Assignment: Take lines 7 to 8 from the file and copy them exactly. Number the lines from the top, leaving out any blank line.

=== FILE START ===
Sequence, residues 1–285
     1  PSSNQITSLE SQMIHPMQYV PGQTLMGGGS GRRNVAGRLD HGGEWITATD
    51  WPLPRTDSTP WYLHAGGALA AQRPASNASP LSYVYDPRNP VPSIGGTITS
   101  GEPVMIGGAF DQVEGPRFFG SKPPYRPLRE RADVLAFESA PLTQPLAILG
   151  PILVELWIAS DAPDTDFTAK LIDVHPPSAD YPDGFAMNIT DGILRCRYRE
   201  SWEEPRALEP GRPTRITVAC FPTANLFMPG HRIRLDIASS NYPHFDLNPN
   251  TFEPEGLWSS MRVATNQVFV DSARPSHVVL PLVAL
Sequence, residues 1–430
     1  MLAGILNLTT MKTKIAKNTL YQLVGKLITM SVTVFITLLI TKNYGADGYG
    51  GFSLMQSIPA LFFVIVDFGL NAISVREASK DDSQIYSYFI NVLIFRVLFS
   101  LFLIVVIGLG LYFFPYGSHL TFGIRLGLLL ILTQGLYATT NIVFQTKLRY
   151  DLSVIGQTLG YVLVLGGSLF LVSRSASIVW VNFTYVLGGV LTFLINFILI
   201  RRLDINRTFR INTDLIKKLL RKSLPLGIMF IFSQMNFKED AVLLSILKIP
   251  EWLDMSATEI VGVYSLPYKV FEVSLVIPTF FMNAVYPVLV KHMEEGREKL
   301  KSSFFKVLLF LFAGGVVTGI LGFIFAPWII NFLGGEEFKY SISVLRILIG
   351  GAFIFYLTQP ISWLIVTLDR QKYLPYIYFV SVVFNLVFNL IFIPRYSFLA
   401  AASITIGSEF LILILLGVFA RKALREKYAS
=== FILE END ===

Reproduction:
   251  TFEPEGLWSS MRVATNQVFV DSARPSHVVL PLVAL
Sequence, residues 1–430